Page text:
"Most artists who teach have their art in one pocket and teaching in the other, and they only teach to support the art practice," says Rollins. "But I fell in love with the kids, so I decided to combine the two practices and started making art with the kids. None of us knew what we were doing in the beginning, but we ignored the obvious problems and just plowed ahead with the faith that the problems would solve themselves which they did.

"In the beginning the only materials we had were Xerox paper that I stole from other departments and cheap pencils. But things exploded once we got our studio, which we paid for with a matching grant from the National Endowment for the Arts. They were the only agency which took an interest in us then, and I'm ever indebted to the NEA."

Collectors now pay up to $150,000 to own a K.O.S. original. The Museum of Modern Art has acquired works for its permanent collection. The K.O.S. kids now travel widely as visiting artists acid lecturers, rubbing elbows with art world celebrities.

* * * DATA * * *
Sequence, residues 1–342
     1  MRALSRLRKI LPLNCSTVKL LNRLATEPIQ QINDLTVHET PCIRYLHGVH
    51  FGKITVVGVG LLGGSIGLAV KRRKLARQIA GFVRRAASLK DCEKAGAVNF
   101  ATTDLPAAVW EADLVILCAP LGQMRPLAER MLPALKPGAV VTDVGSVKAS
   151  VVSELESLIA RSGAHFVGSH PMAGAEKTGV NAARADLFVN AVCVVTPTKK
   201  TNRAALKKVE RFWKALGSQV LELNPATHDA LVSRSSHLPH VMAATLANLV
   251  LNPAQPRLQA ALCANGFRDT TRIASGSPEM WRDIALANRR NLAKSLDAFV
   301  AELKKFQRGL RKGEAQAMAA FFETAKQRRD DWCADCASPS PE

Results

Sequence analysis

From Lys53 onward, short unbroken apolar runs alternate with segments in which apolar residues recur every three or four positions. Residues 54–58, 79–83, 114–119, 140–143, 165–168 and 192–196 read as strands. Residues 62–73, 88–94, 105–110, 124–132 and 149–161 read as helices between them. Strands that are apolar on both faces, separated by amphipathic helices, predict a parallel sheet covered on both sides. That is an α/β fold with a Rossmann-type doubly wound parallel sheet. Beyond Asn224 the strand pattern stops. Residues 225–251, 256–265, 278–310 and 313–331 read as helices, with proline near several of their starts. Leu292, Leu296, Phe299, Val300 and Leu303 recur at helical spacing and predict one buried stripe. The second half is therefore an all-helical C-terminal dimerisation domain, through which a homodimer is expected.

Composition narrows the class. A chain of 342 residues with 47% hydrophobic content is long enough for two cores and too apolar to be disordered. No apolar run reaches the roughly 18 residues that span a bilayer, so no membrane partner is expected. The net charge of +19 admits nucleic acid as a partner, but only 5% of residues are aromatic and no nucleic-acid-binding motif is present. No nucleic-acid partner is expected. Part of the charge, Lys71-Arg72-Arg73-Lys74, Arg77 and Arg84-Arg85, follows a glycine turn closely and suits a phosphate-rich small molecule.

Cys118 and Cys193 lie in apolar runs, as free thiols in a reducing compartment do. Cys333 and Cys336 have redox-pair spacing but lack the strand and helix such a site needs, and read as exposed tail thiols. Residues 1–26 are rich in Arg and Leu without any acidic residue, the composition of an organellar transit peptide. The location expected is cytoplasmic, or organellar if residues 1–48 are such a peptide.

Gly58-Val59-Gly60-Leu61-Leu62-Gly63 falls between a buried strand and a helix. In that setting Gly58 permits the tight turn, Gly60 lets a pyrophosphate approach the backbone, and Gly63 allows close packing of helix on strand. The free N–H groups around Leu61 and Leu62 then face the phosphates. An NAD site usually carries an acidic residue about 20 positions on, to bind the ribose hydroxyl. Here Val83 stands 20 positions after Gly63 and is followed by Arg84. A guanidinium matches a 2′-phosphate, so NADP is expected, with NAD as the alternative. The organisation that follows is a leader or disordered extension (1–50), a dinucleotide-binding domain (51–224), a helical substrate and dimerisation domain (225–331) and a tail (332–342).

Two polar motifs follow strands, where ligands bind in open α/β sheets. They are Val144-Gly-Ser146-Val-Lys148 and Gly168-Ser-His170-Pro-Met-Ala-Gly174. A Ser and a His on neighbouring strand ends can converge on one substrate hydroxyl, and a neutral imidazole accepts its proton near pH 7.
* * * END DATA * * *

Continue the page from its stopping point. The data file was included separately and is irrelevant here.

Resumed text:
The message Rollins conveys is that "programs like this could be implemented all across America. There've been lots of new forms and new content in fine art, but there've been very few new methods, and we've proven that this is a new method that works ... We need a revolutionary approach to art and learning, and K.O.S. is a step in that direction."

Suggested Activities

For the following activities, it would be advisable to divide a larger class into working groups of five or six, the size of the K.O.S. teams.

* Take a newspaper and cover the photographs with white paint. Distribute the pages to your working groups, along with highlighting pens of different colors. Ask the groups to pick out a few words and phrases in the newspaper that appeal to them, for whatever reasons; have them highlight their choices in color. Then let the groups illustrate the words and phrases they've picked, using the white spaces on the page. The members of each group can develop the illustrations by first making a number of sketches, then selecting the ones they think would look best on the page. When the groups are done, you can make a large-scale artwork out of all the newspaper spreads by pinning them next to each other on a bulletin board.